June 25, 2019 By Malcolm Gauld

Step Aside – When Should Parents Step In?

College is a rite of passage calling upon kids and parents to exhibit opposite behaviors. Kids need to hang on. Parents need to let go.

Forty years of teaching have brought a commonly asked question: “Are kids different today?”

My answer: “Kids have not changed as much as parents have.”

The biggest change I have observed over the course of my teaching career is the steady evolving parental creep of engagement in children’s affairs and challenges. The line separating who-is-responsible-for-what in the parent-child relationship has become extremely blurred.

Contrast this dynamic with the early-70s dinner table conversation I had with my mother during my senior year of high school.  She asked, “So, what are you doing about that college thing, anyway?”

I explained that after visiting ten colleges I had applied to four, all in the “most selective” category

With an admonishing tone, Mom asked, “So, you have no fall backs in the mix?”

I responded, “No. If I don’t get accepted anywhere [Ed: a far more likely outcome than my teenage naivete could process] I might check out some schools with rolling admissions or maybe take a year off.”

With a disapproving frown, my mother replied, “Sounds like a terrible plan. But, it’s your life.”

Although my mother’s approach seemed consistent with that taken by my friends’ parents, I cannot imagine one parent today in 100… make that 1000… handling this discussion the way that my mother handled that one back in 1972.

So, what?

One of the 5 Rules in my book College Success Guaranteed – 5 Rules to Make it Happen (Rowman Littlefield, 2011) is “Get a Mentor.”  However, if you are “that parent” who micromanaged play dates, conflicts with teachers, or the college applications process, then your child might never have mastered the interpersonal skills necessary for securing mentors.

When I shared my book with University of Southern California Distinguished Professor of Business and leadership guru Warren Bennis, his first comment to me was, “I only disagree with one point you make in your book, Malcolm. You don’t ‘get’ a mentor, you stalk mentors… and you stalk them your whole life!” High school teachers are expected to be on the lookout for kids who could use some extra help in their academic or personal lives. In college, the burden falls on the student, to go out and make the connections that can propel them forward.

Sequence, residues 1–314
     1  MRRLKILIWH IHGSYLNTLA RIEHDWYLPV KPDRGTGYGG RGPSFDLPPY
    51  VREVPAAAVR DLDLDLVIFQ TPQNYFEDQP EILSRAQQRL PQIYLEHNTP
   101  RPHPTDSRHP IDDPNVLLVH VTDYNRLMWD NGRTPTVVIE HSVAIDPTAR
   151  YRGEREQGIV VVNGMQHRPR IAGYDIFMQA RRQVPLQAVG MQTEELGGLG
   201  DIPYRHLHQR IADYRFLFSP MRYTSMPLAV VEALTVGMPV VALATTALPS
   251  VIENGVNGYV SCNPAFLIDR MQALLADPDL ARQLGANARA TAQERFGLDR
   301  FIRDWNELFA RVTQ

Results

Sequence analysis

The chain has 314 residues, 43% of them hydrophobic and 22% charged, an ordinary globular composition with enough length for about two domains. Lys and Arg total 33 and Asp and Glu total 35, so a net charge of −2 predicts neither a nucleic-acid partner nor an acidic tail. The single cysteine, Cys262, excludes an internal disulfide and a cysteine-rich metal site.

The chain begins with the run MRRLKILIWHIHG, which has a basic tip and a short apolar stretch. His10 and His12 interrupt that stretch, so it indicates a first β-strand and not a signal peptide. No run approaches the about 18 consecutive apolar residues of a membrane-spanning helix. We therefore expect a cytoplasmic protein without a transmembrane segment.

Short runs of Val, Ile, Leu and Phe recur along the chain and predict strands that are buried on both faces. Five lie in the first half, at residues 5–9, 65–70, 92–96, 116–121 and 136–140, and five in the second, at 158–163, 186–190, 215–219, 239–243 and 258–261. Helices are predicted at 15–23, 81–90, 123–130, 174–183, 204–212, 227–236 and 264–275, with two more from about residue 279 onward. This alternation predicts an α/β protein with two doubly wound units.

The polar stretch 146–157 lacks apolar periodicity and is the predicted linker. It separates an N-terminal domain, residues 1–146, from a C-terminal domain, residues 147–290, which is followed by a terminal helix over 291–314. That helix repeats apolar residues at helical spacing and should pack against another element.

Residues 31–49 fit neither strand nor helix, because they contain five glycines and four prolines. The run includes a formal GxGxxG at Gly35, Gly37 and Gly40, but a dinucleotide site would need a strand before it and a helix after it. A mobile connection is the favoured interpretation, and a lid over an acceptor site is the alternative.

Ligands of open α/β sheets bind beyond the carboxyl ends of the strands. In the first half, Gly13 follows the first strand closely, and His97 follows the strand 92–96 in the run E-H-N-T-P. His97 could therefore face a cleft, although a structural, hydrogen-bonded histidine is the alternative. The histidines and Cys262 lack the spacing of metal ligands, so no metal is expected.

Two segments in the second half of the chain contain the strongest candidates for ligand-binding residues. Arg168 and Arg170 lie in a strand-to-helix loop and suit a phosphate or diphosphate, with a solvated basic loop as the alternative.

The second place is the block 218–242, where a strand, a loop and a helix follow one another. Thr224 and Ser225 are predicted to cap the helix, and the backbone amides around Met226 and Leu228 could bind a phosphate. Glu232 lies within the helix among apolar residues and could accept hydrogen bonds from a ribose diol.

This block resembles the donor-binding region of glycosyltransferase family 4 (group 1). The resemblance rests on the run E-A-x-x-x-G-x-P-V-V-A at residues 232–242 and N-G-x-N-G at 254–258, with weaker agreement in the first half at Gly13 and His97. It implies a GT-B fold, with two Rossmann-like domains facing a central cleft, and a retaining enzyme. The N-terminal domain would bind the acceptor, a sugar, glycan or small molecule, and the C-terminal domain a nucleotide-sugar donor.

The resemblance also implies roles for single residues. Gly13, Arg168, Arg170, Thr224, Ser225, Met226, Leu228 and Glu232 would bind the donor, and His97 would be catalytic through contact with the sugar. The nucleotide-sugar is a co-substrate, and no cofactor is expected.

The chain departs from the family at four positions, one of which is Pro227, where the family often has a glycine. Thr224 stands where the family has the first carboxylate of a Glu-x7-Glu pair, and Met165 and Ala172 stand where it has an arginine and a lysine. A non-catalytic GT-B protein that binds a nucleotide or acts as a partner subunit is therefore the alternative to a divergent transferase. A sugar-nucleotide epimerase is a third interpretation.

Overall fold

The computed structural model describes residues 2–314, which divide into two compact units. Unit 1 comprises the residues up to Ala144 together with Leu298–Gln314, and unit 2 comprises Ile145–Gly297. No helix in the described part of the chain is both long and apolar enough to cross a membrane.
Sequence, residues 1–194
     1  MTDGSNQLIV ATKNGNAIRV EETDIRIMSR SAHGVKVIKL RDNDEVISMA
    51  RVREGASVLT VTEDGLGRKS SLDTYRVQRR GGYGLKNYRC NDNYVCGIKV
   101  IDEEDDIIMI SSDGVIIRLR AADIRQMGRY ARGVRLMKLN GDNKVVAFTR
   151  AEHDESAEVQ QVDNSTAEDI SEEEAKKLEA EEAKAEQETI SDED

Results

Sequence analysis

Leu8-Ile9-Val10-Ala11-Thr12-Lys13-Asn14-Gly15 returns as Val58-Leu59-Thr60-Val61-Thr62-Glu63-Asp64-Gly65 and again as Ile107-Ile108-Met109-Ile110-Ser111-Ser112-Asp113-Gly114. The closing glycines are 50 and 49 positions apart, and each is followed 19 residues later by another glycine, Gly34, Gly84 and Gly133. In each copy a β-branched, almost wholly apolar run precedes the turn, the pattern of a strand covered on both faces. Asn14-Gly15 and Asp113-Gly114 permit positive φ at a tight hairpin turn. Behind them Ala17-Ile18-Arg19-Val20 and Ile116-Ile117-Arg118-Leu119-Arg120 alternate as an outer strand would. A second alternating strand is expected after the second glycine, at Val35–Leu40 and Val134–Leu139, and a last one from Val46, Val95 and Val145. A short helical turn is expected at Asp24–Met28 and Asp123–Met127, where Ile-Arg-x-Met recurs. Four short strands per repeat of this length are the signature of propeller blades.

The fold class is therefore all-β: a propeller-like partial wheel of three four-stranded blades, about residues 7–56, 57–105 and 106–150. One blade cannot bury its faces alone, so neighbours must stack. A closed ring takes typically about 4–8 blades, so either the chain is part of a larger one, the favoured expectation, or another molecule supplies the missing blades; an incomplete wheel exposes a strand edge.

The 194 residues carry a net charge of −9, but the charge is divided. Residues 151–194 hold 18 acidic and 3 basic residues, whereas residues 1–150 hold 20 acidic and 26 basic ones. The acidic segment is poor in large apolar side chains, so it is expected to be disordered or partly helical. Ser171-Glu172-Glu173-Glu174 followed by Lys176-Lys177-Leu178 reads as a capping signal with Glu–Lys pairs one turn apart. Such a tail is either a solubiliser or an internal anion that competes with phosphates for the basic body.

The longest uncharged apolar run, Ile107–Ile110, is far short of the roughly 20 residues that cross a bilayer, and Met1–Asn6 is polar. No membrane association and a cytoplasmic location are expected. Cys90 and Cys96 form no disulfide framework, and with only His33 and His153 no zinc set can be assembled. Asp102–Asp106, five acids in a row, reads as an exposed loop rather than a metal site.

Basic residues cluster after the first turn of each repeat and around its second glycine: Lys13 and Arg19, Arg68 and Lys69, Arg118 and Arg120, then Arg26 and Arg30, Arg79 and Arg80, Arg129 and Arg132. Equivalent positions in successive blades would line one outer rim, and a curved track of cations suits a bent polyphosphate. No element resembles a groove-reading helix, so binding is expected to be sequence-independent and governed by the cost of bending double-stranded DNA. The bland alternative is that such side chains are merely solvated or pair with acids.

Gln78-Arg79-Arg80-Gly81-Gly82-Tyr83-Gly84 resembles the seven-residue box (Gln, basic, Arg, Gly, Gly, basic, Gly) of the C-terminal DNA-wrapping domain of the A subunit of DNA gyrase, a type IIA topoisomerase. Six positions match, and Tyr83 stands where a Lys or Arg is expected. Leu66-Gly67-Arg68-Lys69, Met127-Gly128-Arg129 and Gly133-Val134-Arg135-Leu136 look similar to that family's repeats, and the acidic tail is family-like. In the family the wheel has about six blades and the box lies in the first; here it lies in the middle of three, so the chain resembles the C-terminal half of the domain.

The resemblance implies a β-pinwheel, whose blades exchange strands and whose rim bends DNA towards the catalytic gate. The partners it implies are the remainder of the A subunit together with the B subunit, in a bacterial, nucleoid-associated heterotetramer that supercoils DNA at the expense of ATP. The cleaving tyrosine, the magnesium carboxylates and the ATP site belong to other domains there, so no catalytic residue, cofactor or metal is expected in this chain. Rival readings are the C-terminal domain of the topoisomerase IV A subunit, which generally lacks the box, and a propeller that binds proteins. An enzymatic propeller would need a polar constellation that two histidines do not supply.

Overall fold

So, what is a parent to do?

Start by backing off the college application process.  Do not interfere with your child’s first attempt to take the vulnerable step of presenting his or her credentials to the world for acceptance or rejection. Nothing like overzealous parental intervention to spoil a rich coming-of-age opportunity!

Letting go does not mean that you do nothing. It also does not mean that you should act indifferent to the outcome.  However, there is a big difference between offering to help (“Let me know if you’d like me to critique your essay.”) versus meddling or badgering (“What, you’re not going to ask Uncle Frank to use his pull at Georgetown?!?”).

When in doubt, step back. And remain stepped back after your child enrolls.

In the spirit of “practice what you preach,” a story from my own days as a college parent might shed some light.

As the 2012 presidential election raged, one of my daughters was struggling mightily with being ideologically outnumbered in an advanced class of fellow government majors.

At the end of the semester, my daughter told me that her professor pulled her aside to thank her for so passionately and articulately arguing the minority opinion during class discussions.  He said something to the effect of, “Without you, things might have been pretty boring.” In the end, the whole experience turned out to be one of the more meaningful ones of my daughter’s college career.  Glad I didn’t jump into the fray and ruin it!

To help keep the first-time college parent on track, I propose a mantra: “Is this my issue?”

Whether your child cannot stand his/her roommate, hates the food, or feels victimized by a cold-hearted professor, stop and ask yourself, “Is this my issue?” Not only is “No” the correct answer in each of those circumstances, it usually is. When in doubt, try “No” on for size.  It will be good for your child and for your sanity.

College offers a wealth of dynamic people who can make a huge difference in your child’s life. Step aside and give those people the chance to do so.